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LEGAL STATUS OF VOLUNTEERS

The legal status of volunteers is not clear-cut, there is a range of options, from the purely voluntary to contractual arrangements.  This uncertainty can make it difficult for organisations taking on volunteers to ascertain whether and to what extent they owe their volunteers legal obligations.

Practical tips for reducing the risk of creating a legally binding contract:

•  Avoid making payments to volunteers that could be construed as wages.  Payments to cover actual expenses should be clearly identified as such and ideally be reimbursed against receipts.

•  Remove or at least minimise any perks that could be regarded as remuneration.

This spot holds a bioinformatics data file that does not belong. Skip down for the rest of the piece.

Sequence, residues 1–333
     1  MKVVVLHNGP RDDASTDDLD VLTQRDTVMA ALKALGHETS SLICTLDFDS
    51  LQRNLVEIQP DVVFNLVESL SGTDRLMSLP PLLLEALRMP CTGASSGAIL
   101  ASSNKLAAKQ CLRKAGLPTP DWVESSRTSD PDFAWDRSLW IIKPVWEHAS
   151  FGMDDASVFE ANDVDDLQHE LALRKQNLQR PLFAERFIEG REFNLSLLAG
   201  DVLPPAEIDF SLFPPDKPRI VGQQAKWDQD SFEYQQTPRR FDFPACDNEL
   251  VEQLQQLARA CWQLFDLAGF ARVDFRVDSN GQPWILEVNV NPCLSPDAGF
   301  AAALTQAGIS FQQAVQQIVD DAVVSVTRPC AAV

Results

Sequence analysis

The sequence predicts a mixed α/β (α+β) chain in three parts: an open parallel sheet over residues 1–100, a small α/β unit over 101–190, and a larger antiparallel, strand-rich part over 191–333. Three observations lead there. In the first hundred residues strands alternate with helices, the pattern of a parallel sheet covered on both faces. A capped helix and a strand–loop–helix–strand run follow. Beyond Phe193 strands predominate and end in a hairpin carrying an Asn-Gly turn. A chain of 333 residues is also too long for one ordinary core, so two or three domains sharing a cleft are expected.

•  Reduce obligations on the part of the volunteer by for example, giving the volunteer the ability to refuse tasks and choose when to work.

•  Avoid using language that makes the arrangement sound contractual and adopt flexible language, such as “usual” and “suggested”.

•  Treat volunteers fairly and have in place clear procedures for dealing with problems and grievances to reduce the risk of disputes
    with volunteers.

Those engaging volunteers would be well advised to seek advice at the outset so that properly drafted agreements can be put into place to minimise the risk of a situation being misconstrued.